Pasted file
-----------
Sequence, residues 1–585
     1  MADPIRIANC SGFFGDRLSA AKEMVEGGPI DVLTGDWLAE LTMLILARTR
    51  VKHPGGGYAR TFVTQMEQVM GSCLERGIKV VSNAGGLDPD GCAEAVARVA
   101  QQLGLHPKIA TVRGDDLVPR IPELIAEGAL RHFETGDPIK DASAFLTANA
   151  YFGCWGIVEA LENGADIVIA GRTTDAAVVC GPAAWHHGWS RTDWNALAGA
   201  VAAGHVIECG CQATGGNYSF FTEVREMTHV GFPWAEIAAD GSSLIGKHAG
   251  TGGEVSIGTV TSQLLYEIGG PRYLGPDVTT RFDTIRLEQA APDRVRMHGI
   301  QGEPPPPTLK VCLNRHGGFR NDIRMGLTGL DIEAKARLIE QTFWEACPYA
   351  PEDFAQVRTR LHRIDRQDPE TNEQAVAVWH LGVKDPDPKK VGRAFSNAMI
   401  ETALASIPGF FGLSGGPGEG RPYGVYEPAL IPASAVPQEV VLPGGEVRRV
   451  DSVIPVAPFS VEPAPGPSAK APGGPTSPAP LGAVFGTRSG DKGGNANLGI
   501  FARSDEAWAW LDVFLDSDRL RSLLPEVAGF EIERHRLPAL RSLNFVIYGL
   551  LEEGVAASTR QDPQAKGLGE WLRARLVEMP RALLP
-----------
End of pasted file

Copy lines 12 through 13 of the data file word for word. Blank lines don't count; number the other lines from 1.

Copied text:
   501  FARSDEAWAW LDVFLDSDRL RSLLPEVAGF EIERHRLPAL RSLNFVIYGL
   551  LEEGVAASTR QDPQAKGLGE WLRARLVEMP RALLP